Lou Reed is one of the finest songwriters of the rock ’n’ roll era – the Dylan of the backstreets and the demimonde. But his catalog of classic songs like the Velvet Underground’s “I’m Waiting for the Man,” “Sister Ray,” “Candy Says” and “Sweet Jane,” and his solo gems like “Walk on the Wild Side,” “The Blue Mask,” “Sally Can’t Dance” and “Dirty Blvd.” often overshadow his grinding, nasty way of pulling some of the most distinctive sounds ever put to tape out of his guitar.

Reed’s years in the Underground found him sparring with guitarists Sterling Morrison, John Cale, Doug Yule and Mick Ronson on stage or in the studio. And his arsenal of guitars included a Gibson ES-335 TD as well as a Gibson ES-335-12 12-string. Since quitting the Velvets in 1970 his guitars have included an Epiphone Riviera with a Bigsby vibrato arm, a Gibson SG Standard with two humbuckers, a Gibson Les Paul Junior with a single P-90 pick-up, a ’60s Epiphone Professional, at least one vintage Gibson acoustic (perhaps dating back to the 1930s) plus an array of Steinbergers and other instruments.

To get an earful of Reed’s best solo-career guitar conceptions, check out the albums on this list – not a top 10, but a superfine nine:

Rock ’n’ Roll Animal (1974): Reed sat out the six-stringing on his fourth solo album for the tag team of Dick Wagner and Steve Hunter, whose epic prologue to the Velvet’s “Sweet Jane” made the performance an FM radio staple for nearly a decade after this live album’s release. Wagner played a cherry red Gibson Melody Maker with two mini-humbuckers and Hunter rocked on a ’59 Les Paul Junior TV model with a single P-90. 

Sally Can’t Dance (1974): Reed picked up his guitar again, and while this album was largely a pop endeavor that reached the top 10, it gave birth to “Kill Your Sons,” a guitar duel inspired by Reed’s miserable experience in a psychiatric hospital as a teen that quickly grew into a monster on stage and remains a highlight of his live performances.

The Blue Mask (1982): Teamed with the late punk-skronk genius Robert Quine, this disc’s terse arrangements feature their sparring throughout, with Reed and Quine mixed separately in the left and right channels of the stereo spectrum. The disc’s a winning blend of musical ferocity and lyric intelligence.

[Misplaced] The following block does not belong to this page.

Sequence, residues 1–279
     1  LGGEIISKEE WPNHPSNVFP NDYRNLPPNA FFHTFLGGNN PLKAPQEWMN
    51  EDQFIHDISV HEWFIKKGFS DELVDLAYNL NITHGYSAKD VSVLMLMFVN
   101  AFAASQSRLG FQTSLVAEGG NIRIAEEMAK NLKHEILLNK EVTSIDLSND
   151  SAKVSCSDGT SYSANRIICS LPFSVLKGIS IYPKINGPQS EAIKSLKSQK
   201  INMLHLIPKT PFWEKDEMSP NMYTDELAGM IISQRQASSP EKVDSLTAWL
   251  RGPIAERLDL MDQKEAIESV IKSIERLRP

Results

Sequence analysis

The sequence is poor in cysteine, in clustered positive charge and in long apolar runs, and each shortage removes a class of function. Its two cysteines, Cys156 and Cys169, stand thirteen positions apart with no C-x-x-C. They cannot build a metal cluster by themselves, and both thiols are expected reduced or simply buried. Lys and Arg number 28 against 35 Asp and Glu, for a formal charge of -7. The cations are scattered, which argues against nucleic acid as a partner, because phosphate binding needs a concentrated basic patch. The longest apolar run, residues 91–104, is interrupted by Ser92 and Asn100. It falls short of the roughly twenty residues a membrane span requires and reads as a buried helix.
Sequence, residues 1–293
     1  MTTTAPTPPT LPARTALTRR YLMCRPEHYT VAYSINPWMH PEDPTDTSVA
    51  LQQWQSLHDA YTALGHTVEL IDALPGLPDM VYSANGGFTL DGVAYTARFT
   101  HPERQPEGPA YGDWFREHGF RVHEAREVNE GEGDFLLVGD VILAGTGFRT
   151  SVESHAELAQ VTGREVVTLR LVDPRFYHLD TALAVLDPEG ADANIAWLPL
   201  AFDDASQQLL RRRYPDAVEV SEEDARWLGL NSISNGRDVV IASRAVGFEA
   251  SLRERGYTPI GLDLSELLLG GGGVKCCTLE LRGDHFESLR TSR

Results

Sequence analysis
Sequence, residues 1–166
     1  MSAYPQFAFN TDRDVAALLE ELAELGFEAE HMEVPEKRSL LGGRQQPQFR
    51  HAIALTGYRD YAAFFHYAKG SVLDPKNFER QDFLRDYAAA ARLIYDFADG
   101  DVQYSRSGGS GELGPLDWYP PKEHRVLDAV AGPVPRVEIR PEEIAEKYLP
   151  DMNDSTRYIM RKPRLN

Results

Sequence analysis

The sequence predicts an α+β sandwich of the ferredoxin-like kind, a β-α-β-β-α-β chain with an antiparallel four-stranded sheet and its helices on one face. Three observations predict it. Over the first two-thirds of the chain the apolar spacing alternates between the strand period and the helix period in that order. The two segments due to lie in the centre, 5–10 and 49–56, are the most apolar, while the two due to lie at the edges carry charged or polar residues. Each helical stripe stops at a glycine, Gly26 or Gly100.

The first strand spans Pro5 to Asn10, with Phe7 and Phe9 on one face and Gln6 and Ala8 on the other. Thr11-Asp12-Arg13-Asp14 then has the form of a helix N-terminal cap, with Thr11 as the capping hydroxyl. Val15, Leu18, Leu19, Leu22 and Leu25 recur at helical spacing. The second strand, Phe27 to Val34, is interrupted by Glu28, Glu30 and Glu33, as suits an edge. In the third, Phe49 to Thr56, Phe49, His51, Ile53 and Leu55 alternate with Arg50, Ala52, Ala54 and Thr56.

New Sensations (1984): Known as Reed’s “happy” album, he stepped into the limelight as solo six-stringer here, weaving smartly conceived and effected textures on “Doin’ the Things That We Want To,” punking out in “Turn To Me” and spinning crazy lead licks into “My Red Joystick.”

New York (1989): This collection of urban tales may be Reed’s true solo masterpiece, wisely written and musically diverse. He’s joined by Mike Rathke on guitar and they chime and grind through numbers like “Dirty Blvd.,” the melodic, exploratory “Last Great American Whale” and the smoky-bar blues “Beginning of a Great Adventure.”

Bootleg Series Volume 1: The Quine Tapes (2001): Okay, this is cheating a bit because it’s by the Velvet Undergound, but it’s brilliant. Reed was 30 years into his solo career when these live recordings, made by über fan Robert Quine at Velvets shows in November and December 1969, were released. Quine’s audience and soundboard tapes capture the band at a live creative zenith, with Reed and Morrison smashing through powerful renditions of “The Black Angel’s Death Song,” “Heroin,” “Venus in Furs” and even a 38-minute firestorm rendition of “Sister Ray.” 

Magic and Loss (1992): Reed and Rathke teamed again for this elegy for two of Reed’s friends and influences, the songwriter Doc Pomus and the amphetamine eating Warhol Factory denizen Rotten Rita. The music has an ornate guitar architecture that’s the obvious result of careful composition.

The Raven (2003): Edgar Alan Poe has never sounded this raucous – and neither had Rathe and Reed before this.

Lou Reed’s Metal Machine Trio (2008): In 1975 Reed released the two-LP Metal Machine Music, largely considered a joke, Reed’s way of exiting an unfavorable record contract or an early experiment in guitar-based industrial clangor. He put together this band to prove definitively that there was, indeed, method to his sonic madness.